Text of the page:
California Advocates Attend National Community Reinvestment Conference in Washington, DC

Representatives from member organizations of the California Reinvestment Coalition traveled to Washington DC last week to attend the National Community Reinvestment Coalition conference.  The theme of the conference was “A Just Economy: Ideas, Action, Impact.”

The conference is a gathering of NCRC’s diverse membership base from around the US, including CDFI’s, fair housing organizations, housing counseling organizations, consumer advocates, credit counselors, small business lenders, community organizing and civil rights groups, and more.

Speakers at the conference included Shaun Donovan, the Secretary of Housing and Urban Development (HUD),Thomas Curry, Comptroller of the Currency, Steven Antonakes from the Consumer Financial Protection Bureau, Martin Gruenberg, Chairman of the Federal Deposit Insurance Corporation, and more.

Shaun Donovan

Secretary Donovan spoke about potential reforms to Fannie Mae and Freddie Mac and recognized the conference participants for their work to help people during the foreclosure crisis and to also help with rebuilding afterwards.  He also spoke about the ongoing crisis of a lack of affordable housing in communities across America and cited NCRC’s work to ensure that reforms to Fannie and Freddie don’t leave low-income communities behind.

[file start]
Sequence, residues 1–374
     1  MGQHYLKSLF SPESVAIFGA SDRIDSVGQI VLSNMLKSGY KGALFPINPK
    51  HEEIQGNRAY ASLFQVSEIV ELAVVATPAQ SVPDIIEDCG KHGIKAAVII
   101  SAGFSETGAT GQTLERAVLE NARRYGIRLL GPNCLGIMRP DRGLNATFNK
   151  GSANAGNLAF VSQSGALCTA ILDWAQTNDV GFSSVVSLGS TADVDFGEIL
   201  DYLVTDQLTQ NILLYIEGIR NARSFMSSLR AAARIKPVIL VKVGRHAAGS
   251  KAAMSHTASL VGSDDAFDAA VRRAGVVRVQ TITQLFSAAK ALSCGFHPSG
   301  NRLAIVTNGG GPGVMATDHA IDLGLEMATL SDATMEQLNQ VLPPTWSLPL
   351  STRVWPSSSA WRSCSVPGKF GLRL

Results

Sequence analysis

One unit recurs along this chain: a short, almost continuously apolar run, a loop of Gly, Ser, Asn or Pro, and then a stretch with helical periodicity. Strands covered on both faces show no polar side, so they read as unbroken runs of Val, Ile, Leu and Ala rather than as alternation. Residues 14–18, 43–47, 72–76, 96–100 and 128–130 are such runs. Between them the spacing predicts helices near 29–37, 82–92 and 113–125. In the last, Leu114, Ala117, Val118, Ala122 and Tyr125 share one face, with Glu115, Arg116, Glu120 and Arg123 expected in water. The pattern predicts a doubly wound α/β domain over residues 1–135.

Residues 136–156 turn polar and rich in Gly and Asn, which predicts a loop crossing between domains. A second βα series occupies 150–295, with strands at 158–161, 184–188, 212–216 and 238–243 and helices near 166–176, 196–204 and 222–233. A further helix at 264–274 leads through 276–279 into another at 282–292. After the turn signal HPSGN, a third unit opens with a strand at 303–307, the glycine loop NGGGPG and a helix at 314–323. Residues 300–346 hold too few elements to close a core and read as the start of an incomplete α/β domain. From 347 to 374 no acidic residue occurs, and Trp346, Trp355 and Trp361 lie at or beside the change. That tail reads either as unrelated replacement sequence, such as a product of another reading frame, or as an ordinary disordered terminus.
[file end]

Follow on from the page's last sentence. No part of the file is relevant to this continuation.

Wednesday night included a screening of “Fleeced”, a documentary about elder financial abuse which was a big draw with a packed room. A panel discussion included Kim Jacobs, the producer of the film, Anita Gardner, a consumer in the film who faced an uphill battle with her bank when she sought assistance with her mortgage after health problems, as well as Robert Zdenek, the Director of National Neighbors Silver at NCRC, and Dory Rand, president of the Woodstock Institute. The film was commissioned by NCRC, with support from the Atlantic Philanthropies.  A screening will also be held in Sacramento on April 15th at 5:30pm, as part of the Housing California conference and Annette Smith, a consumer featured in the film will also be one of the panelists who speaks after the screening.

California delegates flew into Washington DC early to meet with our elected officials as well as banking and housing regulators.

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On Thursday, as part of NCRC’s Hill Day, CRC Members headed to Capitol Hill to meet with their senators and representatives.  There were a number of topics to discuss, a few of the topics the California delegation discussed included: